Harvard Business School researchers find striking variances between the gender profiles of directors.

Women board directors in New Zealand are less likely to be married or have children and more likely to have higher qualifications than their male counterparts, research by Harvard Business School has shown.

Professor Boris Groysberg and Deborah Bell undertook a survey of directors in New Zealand in March 2012 and March 2013 on the back of a global survey of 1000 board members in 59 countries.

They found striking differences between the gender profiles of directors and the reasons why men and women believe there has been slow progress on increasing the number of women on boards.

Despite New Zealand being consistently ranked by the World Economic Forum as one of the countries with the lowest gender gap for women, its percentage of women on boards remained in the single digits, they said. Recent estimates put the percentage of female directors at just 7.5 per cent.


The research found 56 per cent of women directors were married compared to 84 per cent of men directors, while 72 per cent of women had children as opposed to 90 per cent of men.

Of the directors who had children, the number of children was lower for women with an average of 2.4, compared to 2.7 for men.

However, almost twice as many women directors as men had advanced degrees - 88 per cent of women and 45 per cent of men.

"These differences raise the question: might there be a greater cost paid and higher qualification needed by women to reach the same level of career achievement as their male colleagues?"

New Zealand women directors were found to serve on the same number of boards as men during their board career but women were currently serving on more boards.

They were also less likely to have a leadership position such as chair, although some women such as Mighty River Power chair Joan Withers and soon to be listed Genesis Energy chair Dame Jenny Shipley have made it through to the top ranks

Women were also more likely to blame lack of progress for women on boards on traditional networks being male-oriented, while men put it down to lack of women in executive ranks - a reason which was not backed by a single woman director in the research.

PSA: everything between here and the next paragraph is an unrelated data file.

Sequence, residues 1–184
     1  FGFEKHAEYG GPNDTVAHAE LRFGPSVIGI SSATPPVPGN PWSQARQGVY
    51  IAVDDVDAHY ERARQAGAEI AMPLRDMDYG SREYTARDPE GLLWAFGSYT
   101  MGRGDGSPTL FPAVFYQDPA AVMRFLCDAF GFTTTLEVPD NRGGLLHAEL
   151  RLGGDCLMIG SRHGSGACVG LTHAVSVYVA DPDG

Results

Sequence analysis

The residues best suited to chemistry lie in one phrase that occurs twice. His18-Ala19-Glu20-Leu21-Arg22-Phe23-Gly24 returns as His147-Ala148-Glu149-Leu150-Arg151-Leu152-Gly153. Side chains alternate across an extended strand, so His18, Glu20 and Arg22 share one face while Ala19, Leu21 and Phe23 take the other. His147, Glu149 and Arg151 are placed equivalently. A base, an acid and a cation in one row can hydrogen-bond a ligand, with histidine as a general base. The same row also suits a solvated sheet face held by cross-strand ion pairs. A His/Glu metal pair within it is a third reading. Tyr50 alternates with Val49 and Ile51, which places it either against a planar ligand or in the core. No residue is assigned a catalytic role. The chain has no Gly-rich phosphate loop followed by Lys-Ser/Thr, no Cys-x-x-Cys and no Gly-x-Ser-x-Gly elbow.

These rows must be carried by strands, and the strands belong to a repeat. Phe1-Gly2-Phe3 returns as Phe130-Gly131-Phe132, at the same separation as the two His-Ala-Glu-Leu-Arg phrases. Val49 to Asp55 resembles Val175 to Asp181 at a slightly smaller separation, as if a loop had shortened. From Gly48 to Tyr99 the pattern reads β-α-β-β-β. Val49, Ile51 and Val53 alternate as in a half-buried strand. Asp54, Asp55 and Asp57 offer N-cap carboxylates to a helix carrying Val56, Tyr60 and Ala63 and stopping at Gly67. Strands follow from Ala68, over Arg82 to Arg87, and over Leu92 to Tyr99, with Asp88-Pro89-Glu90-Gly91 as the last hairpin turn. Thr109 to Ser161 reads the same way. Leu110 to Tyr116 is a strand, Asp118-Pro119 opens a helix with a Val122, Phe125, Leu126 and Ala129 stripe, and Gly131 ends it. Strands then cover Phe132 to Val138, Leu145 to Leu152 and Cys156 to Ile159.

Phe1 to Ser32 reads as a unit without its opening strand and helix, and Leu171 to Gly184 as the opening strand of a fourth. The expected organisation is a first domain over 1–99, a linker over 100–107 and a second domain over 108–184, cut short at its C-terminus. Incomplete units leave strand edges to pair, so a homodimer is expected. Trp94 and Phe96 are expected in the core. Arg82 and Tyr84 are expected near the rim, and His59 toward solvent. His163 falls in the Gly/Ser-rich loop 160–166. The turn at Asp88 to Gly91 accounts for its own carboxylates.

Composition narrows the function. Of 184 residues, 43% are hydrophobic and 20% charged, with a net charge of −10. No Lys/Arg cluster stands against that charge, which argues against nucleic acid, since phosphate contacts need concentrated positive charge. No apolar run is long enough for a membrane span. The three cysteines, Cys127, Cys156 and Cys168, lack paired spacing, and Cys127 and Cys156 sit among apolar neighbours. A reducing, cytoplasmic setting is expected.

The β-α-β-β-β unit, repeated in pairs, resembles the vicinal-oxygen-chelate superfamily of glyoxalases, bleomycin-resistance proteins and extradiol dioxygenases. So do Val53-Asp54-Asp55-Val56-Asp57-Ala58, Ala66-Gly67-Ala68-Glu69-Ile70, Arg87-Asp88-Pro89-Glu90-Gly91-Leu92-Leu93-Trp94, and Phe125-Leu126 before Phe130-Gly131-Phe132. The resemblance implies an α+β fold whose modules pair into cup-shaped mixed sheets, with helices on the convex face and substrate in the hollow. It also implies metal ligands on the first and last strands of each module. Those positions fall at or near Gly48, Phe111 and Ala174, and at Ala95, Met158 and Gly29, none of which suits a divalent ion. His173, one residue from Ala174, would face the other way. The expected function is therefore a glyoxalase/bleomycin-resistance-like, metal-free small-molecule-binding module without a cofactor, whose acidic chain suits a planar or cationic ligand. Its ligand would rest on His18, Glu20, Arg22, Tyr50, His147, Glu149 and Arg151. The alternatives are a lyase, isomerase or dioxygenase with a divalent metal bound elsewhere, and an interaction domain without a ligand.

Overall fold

More women also backed quotas than men with 50 per cent of female directors agreeing it was an effective tool compared to 29 per cent of men.

The researchers said the differing views on quotas was another indicator of the vastly different orientation to the problem and its possible solution between the genders.

"Women might not only contend that there are enough women qualified for directorships but their greater support for quotas also signifies where they think the chief problem lays: within the boardroom, where they have seen so little progress," the research pair noted.

"In New Zealand, the government is taking a more proactive role in promoting female board representation, and clearly there is enough qualified female talent in the country (some might argue even more qualified than their male counterparts).

"But what's missing is the company/board level interventions. ... We will continue to say, 'Another year, another disappointment'."

Young mum of three bucks the trend
Abby Foote bucks the trend for female directors in New Zealand - she is married, has three children and at 42 is one of the youngest directors on a publicly listed company.

Foote, who joined the board of Z Energy last year, says the low marriage and motherhood rate of women directors in New Zealand may be down to the path traditionally taken to get into directorships.

Abby Foote is on four professional boards and is also chair of her local school board.
Abby Foote is on four professional boards and is also chair of her local school board.

"In the past it was people who had long and colourful careers as a CEO of a business and then, when they retired, became a director. Women who fell into that category have had to make some sacrifices."

But that was increasingly being seen as not the only route and she hoped that would be reflected in director profiles over time.

Foote became a director at 32 when she was invited to join the board of Mike Pero Mortgages.

She had previously been a finance lawyer on merger and acquisition deals, giving her close contact with boards and management and putting her in good stead for the corporate governance role.

Foote stepped back on to the directorship ladder soon after having her third child, with a role on the board of Transpower.

She says being a professional director works well with her family commitments. "I would chose a directorship over a fulltime career."

Foote is on four professional boards and is also chair of her local school board.

She says it's easy to set the criteria for a governance role that acts as a barrier without having intentional discrimination.

"People have it in mind that you have to be a CEO of a big company." But she says a board made up entirely of former CEOs would not be very diverse.

The gender gap
7.5 percentage of female directors on NZ boards
Of those
88% of women had advanced degrees compared to 45% of men
56% of women were married compared to 84% of men
72% of women had children compared to 90% of men

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